Pro bike: Anton Cooper’s Cannondale F-Si

Cross-country racer with a Lefty fork and machined Leonardi stem

At the Albstadt round of the UCI XC World Cup, Cannondale launched the F-Si, the successor to its F29 XC race bike.


BikeRadar took a look at the machine belonging to U23 rider and former New Zealand national champion, Anton Cooper.

Cannondale has a full range of F-Si bikes, and the bikes Anton and the rest of the team ride are virtually stock. Anton’s a small rider, just 167cm tall, and so he rides a small frame. The component that separates Anton’s bike from the others is his Leonardi stem.

The small Italian manufacturer has machined a stem that’s compatible with the Lefty fork. It offers a deep -28 degree drop in order to bring the bike’s front end low enough for Anton’s saddle and bars to be at the same height as each other. Its slightly odd shape is down to Leonardi’s stem needing to go out, before dropping down, on account of the shape of the Lefty’s top crown.

Anton’s leonardi stem might be heavier than cannondale’s stock one, but it comes low enough to get anton’s desired bar height on the size small frame:
Tom Marvin / BikeRadar

Anton’s Leonardi stem is heavier than Cannondale’s stock one, but it comes low enough to get Anton’s desired bar height on the size small frame

On previous bikes, Anton has had to reduce the height of the Lefty, leaving him with only 70mm travel, while still having bars higher than the saddle, which left the handling compromised by having a steeper head angle. The F-Si comes with a significantly shorter head tube than the F29, so Anton is able to use the Lefty’s full 100mm of travel, and benefit from the frame’s impressive handling.

With the correct head angle, and the increased offset from the new Lefty, the F-Si is more stable at speed, better at cornering and easier to ride, while the extra short chainstays make the frame super responsive and aid rear wheel traction.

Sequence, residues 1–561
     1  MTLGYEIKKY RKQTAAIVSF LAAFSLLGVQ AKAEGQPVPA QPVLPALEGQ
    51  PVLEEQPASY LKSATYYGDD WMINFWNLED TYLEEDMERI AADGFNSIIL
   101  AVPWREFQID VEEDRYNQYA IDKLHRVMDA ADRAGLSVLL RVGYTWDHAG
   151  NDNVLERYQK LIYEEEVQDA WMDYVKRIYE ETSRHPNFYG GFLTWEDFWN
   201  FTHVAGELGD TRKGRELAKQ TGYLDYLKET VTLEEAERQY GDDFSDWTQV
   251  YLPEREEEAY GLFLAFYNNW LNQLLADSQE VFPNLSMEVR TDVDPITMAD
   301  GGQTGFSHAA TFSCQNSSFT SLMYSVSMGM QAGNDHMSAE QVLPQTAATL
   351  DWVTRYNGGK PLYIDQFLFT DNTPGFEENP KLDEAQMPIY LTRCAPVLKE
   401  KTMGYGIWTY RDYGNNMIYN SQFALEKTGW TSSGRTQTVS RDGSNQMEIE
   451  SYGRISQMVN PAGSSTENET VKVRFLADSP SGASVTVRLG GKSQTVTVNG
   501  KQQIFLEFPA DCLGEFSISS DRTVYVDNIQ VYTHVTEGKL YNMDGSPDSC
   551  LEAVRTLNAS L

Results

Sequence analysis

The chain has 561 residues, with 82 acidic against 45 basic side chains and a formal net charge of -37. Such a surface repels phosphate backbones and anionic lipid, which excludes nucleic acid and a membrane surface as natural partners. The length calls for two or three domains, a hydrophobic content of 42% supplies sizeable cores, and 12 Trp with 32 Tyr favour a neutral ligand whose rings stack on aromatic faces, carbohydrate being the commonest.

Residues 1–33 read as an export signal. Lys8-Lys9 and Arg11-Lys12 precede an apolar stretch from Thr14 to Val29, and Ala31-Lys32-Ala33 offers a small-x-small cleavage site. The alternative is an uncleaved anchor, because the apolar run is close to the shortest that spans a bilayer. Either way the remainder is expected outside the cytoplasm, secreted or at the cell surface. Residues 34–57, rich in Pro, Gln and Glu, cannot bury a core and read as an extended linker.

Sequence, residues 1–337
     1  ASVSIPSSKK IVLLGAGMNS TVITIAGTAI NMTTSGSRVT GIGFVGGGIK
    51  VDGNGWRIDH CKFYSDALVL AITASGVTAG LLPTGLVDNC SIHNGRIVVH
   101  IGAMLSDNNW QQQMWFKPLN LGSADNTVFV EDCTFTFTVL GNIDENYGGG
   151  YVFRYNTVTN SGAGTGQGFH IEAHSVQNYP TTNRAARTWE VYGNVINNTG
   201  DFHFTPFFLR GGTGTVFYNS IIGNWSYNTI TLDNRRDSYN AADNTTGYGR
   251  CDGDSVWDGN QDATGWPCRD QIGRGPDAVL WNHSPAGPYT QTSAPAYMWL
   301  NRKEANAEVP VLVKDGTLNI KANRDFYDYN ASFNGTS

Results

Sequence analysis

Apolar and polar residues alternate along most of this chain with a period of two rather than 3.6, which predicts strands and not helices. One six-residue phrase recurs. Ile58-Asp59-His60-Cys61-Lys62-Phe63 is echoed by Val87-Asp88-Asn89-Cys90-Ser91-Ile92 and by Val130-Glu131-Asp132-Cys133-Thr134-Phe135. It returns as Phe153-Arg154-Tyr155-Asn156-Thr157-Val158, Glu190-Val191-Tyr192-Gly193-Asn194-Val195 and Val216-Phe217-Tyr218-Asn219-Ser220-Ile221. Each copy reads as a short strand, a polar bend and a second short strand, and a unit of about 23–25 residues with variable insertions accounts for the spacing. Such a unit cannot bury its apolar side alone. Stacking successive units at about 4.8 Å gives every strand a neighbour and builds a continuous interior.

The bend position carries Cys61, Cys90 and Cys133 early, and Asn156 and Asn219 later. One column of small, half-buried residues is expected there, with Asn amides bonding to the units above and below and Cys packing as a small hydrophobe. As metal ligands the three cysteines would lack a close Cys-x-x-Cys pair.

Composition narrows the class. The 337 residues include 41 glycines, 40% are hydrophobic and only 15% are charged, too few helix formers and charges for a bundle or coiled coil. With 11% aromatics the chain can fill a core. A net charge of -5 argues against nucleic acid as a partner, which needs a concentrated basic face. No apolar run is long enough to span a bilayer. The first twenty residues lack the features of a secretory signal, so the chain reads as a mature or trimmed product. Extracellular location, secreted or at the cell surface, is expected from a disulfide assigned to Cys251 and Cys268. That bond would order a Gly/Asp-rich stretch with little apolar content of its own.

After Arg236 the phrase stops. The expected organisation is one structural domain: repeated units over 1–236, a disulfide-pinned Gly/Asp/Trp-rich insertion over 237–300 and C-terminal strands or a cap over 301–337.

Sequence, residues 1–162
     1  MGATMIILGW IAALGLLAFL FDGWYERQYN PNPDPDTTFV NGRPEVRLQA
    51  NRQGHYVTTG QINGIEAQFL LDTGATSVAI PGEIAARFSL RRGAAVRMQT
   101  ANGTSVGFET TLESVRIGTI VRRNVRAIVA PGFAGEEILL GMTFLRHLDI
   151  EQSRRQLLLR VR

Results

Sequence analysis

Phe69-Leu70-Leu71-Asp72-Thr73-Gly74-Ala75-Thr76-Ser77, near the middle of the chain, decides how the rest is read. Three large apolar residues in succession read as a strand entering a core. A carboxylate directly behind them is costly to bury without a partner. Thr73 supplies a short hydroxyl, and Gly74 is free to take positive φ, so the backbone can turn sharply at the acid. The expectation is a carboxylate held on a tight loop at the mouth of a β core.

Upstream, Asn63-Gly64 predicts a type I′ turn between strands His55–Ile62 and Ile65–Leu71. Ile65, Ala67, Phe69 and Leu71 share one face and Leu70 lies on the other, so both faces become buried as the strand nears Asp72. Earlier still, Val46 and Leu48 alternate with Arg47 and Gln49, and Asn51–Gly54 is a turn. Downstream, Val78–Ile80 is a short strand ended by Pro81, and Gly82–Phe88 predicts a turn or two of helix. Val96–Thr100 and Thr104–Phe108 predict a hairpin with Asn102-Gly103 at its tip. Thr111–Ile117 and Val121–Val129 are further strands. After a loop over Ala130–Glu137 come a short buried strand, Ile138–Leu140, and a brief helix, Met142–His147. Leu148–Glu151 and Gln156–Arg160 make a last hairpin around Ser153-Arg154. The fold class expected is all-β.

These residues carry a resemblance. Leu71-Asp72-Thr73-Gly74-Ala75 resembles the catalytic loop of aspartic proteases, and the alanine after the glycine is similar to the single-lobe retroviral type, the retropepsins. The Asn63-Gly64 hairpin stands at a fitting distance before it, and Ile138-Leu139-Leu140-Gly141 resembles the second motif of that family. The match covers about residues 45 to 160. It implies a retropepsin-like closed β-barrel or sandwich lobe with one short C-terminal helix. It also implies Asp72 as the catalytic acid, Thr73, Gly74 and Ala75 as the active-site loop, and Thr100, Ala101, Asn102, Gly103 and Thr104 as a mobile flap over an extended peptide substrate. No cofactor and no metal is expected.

Although Cannondale doesn’t have a 650b race bike in its range, Anton claims that even if it did, he’d prefer a 29er. He’s ridden 29ers since he went pro with Trek Pro Racing, and his experience with power meters suggests that he’s faster on the bigger wheels, so now his geometry is sorted for them, there’s no need to change.

The lefty 2.0 carbon xlr fork with hydraulic lock-out for the steep climbs that litter worlc cup cross-country courses:
Tom Marvin / BikeRadar

The Lefty 2.0 Carbon XLR fork with hydraulic lock-out for the steep climbs that litter World Cup cross-country courses

Since sponsorship plays a big part in World Cup racing, it’s no surprise that there are a couple of items found on the team’s bikes that aren’t on the off-the-shelf versions. FSA’s sponsorship means that the team uses its carbon K-Force posts, instead of the Cannondale Save 2 post found on standard bikes.

The team is also using the SiSL2 crankset, borrowed from Cannondale’s high-end road bikes. It’s one of the lightest cranks in production, with a one-piece spider and ring. Tyre sponsor Schwalbe offers a range of rubber to suit different race conditions – Anton choose Racing Ralphs at Albstadt. 


Complete bike specifications

  • Frame: Cannondale F-Si (small)
  • Fork: Cannondale Lefty XLR 2.0, 100mm
  • Headset: Cannondale Headshock
  • Stem: Leonardi Racing -27 degree custom
  • Handlebar: FSA K-Force flat 
  • Grips: Prologo Feather
  • Front brake: SRAM XX
  • Rear brake: SRAM XX
  • Brake levers: SRAM XX
  • Rear derailleur: SRAM XX1
  • Shift levers: SRAM XX1 trigger        
  • Cassette: SRAM XX1 10-42T
  • Chain: SRAM XX1
  • Crankset: Cannondale SiSL2
  • Bottom bracket: Cannondale PF30
  • Pedals: Shimano XTR Race
  • Wheels: Enve Twenty9 rims, Cannondale Left SM front, DT Swiss 350 rear
  • Front tyre: Schwalbe Racing Ralph tubeless
  • Rear tyre: Schwalbe Racing Ralph tubeless
  • Saddle: Prologo X Zero
  • Seatpost: FSA K-Force